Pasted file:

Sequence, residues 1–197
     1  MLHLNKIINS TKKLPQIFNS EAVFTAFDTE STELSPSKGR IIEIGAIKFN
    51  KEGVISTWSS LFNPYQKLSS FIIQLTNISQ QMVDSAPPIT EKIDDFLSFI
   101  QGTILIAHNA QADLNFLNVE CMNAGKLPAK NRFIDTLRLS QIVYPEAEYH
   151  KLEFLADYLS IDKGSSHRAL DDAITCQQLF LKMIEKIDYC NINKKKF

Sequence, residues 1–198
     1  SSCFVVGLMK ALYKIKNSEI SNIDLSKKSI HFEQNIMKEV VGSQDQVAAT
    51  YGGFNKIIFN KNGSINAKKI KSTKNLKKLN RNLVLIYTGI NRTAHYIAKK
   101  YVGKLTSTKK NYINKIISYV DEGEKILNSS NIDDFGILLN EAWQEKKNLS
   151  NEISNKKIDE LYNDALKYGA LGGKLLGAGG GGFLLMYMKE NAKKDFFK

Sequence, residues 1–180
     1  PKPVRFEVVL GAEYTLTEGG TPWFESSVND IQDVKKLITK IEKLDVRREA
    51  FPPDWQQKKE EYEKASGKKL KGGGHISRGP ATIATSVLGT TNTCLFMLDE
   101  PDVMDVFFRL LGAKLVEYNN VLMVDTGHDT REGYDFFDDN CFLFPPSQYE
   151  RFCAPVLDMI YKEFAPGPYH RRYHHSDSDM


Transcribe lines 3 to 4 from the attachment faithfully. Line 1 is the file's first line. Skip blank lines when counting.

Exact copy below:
    51  KEGVISTWSS LFNPYQKLSS FIIQLTNISQ QMVDSAPPIT EKIDDFLSFI
   101  QGTILIAHNA QADLNFLNVE CMNAGKLPAK NRFIDTLRLS QIVYPEAEYH